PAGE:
Valie Export’s photograph Action Pants: Genital Panic shows her sitting with genitals exposed while pointing a gun at the viewer. Export’s work draws attention to the ideas of phallic power and whether it truly comes from biology or can be attained otherwise. Export showcases her lack of penis by exposing her own vagina but reclaims the gun as her phallic object and power. It was rumoured that this photograph came after a live performance, where Export walked around people seated in a theatre, her vagina at their eye-level, and pointed a gun at them while offering sex until the theatre was empty. This imagery reminds me of the film Magic, Magic where, post-hypnotism, the female protagonist walks into the room of a man who has been sexually harassing her (verbally) and rubs her naked vagina in his face, all while being asleep. The woman has no recollection of events the next day and appears mortified when the man confronts her about it. This scene acts to remind us that such overt sexuality is not ‘acceptable’ in a woman with both male anger and female humiliation driving this. Export’s photograph works in the opposite way, purposefully pairing femininity with macho aggression (common in a lot of her work) to blur set gender boundaries.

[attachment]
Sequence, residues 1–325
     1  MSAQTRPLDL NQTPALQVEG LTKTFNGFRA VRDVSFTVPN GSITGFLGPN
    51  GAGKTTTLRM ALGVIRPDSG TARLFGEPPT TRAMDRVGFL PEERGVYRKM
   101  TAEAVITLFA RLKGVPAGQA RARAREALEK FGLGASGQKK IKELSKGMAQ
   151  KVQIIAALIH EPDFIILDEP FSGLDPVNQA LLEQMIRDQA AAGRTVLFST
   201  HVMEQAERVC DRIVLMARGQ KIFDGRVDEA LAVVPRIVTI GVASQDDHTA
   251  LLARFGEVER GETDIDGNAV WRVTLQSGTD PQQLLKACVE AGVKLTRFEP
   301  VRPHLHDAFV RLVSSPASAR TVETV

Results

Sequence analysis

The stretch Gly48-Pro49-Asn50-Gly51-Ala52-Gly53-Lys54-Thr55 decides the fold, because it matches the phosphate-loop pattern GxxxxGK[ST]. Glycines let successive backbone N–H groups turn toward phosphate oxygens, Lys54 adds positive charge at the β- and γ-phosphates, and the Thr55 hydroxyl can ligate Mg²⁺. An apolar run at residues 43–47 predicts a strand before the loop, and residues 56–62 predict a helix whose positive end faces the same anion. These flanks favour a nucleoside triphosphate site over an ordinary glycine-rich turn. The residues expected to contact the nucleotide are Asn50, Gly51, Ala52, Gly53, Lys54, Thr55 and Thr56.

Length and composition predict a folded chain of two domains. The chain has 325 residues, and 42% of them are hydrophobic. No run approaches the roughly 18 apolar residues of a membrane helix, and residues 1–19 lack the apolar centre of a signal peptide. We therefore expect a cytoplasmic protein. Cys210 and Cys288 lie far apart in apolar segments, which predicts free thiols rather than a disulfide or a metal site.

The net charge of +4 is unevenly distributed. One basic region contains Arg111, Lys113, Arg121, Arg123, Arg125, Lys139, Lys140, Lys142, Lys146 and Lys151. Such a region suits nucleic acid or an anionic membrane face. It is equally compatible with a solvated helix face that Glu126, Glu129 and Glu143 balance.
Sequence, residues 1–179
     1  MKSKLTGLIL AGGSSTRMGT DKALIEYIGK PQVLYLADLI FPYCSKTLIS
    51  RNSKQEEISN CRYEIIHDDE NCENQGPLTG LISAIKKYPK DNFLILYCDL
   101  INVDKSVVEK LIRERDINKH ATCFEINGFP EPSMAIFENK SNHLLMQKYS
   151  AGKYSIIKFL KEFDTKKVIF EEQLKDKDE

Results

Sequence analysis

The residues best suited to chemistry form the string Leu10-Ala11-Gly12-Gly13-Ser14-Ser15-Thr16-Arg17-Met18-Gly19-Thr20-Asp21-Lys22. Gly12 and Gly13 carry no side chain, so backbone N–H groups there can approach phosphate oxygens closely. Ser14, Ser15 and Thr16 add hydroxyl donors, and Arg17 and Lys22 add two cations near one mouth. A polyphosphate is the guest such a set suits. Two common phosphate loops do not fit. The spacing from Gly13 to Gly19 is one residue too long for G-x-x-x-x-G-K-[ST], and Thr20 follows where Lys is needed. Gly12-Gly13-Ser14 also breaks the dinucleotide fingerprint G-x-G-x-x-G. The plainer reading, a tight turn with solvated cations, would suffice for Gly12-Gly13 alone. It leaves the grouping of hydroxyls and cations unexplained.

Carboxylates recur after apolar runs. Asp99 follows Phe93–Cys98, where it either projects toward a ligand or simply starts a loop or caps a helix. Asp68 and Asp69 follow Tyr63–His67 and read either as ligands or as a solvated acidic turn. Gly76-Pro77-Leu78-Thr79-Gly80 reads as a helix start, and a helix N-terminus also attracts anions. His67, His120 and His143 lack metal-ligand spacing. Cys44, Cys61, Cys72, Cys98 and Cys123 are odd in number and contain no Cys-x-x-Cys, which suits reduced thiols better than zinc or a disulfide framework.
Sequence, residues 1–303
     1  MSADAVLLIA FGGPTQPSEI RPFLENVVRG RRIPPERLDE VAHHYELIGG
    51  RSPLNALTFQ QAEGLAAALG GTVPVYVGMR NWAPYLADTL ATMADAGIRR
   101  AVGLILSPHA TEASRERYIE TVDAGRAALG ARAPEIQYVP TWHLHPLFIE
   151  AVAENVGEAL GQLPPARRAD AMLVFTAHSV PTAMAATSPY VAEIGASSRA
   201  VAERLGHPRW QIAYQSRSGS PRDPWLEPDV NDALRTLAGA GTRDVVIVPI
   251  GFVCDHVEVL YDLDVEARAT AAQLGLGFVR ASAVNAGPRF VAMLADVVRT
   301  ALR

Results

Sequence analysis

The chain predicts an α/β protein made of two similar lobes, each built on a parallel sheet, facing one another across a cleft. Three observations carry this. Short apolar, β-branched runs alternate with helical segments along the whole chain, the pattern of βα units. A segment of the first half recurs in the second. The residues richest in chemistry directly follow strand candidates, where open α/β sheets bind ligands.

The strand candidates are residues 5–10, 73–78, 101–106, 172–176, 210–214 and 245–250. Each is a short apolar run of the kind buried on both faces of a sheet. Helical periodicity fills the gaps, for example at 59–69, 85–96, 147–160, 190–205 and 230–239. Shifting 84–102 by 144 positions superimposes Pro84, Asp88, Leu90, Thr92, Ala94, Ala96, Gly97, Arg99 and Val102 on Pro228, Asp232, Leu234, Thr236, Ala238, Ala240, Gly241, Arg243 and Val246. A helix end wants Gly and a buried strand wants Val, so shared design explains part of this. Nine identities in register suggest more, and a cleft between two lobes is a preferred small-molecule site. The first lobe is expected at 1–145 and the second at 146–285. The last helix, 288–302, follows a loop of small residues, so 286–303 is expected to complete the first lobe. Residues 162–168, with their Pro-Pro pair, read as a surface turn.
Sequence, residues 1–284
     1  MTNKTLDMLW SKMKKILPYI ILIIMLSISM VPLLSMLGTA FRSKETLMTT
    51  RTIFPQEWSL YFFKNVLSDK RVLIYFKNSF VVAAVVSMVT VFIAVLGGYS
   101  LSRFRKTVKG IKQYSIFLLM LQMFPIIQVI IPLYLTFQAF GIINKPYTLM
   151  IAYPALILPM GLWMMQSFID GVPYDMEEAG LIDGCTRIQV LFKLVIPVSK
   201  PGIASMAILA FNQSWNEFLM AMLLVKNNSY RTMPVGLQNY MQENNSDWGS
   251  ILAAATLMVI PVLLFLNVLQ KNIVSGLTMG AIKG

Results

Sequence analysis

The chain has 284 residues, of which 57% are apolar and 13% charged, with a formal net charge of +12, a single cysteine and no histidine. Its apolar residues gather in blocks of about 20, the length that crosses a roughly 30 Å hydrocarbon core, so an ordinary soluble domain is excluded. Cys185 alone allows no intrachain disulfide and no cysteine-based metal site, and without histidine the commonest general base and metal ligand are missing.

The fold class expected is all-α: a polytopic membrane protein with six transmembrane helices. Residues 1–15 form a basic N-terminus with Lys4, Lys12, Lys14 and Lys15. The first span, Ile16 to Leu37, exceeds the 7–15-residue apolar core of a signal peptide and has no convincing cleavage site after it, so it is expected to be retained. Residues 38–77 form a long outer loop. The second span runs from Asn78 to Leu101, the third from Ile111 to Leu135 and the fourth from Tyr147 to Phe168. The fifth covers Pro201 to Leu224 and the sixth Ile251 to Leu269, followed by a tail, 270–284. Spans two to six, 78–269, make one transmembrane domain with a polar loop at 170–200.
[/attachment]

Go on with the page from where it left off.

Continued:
Performance artist and photographer, Claire Doyle, recently paid homage to Export’s work in her performance piece Habitual Body Monitoring: The Costume. Doyle draws attention to female body hair through her performance which you can watch above. The acceptance and freedom of female body hair has been gaining support in recent years with other artists like Petra Collins and Rhiannon Scnhiederman springing to mind.